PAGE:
"She loved the lines around his mouth."
~ 5 Days in May, Blue Rodeo
There is so much more to come.
I sat for a while this week with my friend's 93 year old mother. She is tiny and frail and yet still so strong. She has outlived a husband and a son, and so many friends. She tells me the same tales (often several times during a visit) of what her life was like in Bangladesh, how she spent her time sewing at the convent for the nuns, and the jubilant gatherings that happened almost every evening at her home as family and neighbours came by to visit.
I watch her face as she speaks. It is the closest thing I have seen to perfection. Her lines, in the winter of her life, fly from her eyes upwards toward her temples, and then downward over the apples of her cheeks - the feathers of a phoenix waiting to be reborn. They are as exquisite in her laughter as they are when her eyes well up with tears as she speaks about her lost son. A face so full of life that it is etched into her divine coffee skin in fractals prettier than any computer could conjure.
One day, I wish to have phoenix feathers that tell tales of my life and loves and losses. For now, my little lines are just starting to deepen, showing more when I smile than when I cry. They will be seared into my skin a little more each year over the remaining summers of my life spent in gardens and wandering hillsides. They are often hidden behind my hair that I wear long and wild, bucking every comment of "you know, at your age..." Yes, yes. At my age...
At my age, the "grey" strands that are appearing are coming in pure white, and are camouflaged by the blond that they snake through. At my age I wander alone in the woods, go to theme parks even though they scare me, and would absolutely jump out of an airplane again. And again.
At my age, my oldest niece has moved out after living with me for two years, and now I find myself with no excuse to refuse the offers to set me up on a blind date with a friend of a friend of a friend. I find it odd - this idea that unless there is someone in your life, your home, your heart, to fuss over, that you should be lonely - at any age. I have told my friends that I have never been lonely. Not once. Not when I was engaged to a man that was never around, or throughout my single years, or while taking road trips by myself. Not even in my twenties when I thought that I loathed myself - I've never been afraid of my own company, and the host of unseen others that wander with me.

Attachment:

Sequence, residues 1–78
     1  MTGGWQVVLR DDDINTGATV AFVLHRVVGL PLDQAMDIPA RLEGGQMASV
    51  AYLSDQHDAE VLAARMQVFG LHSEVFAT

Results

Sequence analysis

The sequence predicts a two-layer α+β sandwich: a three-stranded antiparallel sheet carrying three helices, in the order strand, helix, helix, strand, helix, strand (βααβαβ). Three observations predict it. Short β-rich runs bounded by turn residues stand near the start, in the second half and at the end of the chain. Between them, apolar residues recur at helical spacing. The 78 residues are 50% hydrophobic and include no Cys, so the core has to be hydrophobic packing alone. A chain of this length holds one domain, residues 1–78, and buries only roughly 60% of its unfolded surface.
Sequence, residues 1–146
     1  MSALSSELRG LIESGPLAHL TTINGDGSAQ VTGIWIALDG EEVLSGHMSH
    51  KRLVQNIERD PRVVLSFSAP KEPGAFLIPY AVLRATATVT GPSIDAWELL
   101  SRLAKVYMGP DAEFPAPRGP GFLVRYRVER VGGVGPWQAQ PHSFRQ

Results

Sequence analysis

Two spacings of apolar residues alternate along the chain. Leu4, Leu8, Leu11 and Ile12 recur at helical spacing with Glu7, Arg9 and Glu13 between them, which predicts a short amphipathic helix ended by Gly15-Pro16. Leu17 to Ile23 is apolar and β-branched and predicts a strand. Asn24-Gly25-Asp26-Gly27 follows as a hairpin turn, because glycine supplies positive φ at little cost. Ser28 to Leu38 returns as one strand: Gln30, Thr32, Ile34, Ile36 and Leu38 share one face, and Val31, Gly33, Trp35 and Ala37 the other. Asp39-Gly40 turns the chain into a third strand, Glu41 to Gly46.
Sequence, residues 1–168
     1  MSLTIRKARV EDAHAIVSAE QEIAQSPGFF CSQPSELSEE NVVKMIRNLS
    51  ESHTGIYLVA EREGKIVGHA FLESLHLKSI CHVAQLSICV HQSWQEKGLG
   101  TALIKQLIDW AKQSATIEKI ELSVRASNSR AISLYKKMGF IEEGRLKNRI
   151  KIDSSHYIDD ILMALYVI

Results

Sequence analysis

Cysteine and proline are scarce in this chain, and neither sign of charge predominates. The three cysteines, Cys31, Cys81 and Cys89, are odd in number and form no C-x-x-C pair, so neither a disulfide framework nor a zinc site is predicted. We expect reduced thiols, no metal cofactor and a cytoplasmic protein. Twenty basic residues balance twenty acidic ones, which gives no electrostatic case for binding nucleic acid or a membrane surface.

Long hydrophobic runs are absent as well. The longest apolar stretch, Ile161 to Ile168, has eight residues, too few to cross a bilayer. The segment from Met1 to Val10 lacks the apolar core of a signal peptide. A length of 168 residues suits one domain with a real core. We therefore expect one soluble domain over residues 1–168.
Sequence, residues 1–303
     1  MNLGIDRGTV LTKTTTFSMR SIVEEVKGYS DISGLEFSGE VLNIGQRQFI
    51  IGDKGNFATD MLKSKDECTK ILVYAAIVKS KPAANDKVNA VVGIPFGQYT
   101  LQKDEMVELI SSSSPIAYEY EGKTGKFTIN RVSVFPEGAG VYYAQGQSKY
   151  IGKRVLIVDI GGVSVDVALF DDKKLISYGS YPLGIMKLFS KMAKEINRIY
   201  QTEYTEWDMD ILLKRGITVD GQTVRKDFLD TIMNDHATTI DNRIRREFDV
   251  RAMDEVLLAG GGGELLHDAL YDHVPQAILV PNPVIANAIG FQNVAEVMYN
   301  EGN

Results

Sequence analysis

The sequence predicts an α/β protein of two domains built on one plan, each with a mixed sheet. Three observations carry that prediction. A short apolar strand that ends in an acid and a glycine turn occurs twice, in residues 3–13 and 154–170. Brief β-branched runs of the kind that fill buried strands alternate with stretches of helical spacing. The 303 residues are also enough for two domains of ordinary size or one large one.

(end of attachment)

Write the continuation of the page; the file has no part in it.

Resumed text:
At my age, my caregiving is slowly transferring from my nieces to my parents. But mostly, this year at least, I've been taking care of myself. I've been delighting in movement (from ass-shaking dancing to long yogic stretches) and creating oil blends to bless my sun-weary skin. I've been gathering my friends more, around fires and wine glasses and dinner tables. We speak of all the things that happen to us "at our age" which is intriguing and eye-opening because I have friends ten years younger than me and friends a dozen years older, and how wonderful and strange to hear all their "at my age" stories.
Should I have the blessing of time, I suspect that over the years I will disrupt all sorts of people's expectations of what might be acceptable of a woman of my age. I haven't yet had turquoise hair. There are still a few settings I have in mind where I'd like to tumble all naked and unruly with someone. I intend to keep giggling at inappropriate moments. I have no plans on ever letting a season go by when I don't find some childish wonder in the world around me.
I will earn my phoenix feathers. I will tear apart the world's ideas of what might be appropriate at my age - whatever that age becomes. And perhaps one day, when I am 93 and my nieces sit and talk with me, and I tell all kinds of stories of the wildness of the early autumn of my life, they might look upon my face all tattooed with lines and find it perfection, and wonder what they might do to earn phoenix feathers of their own.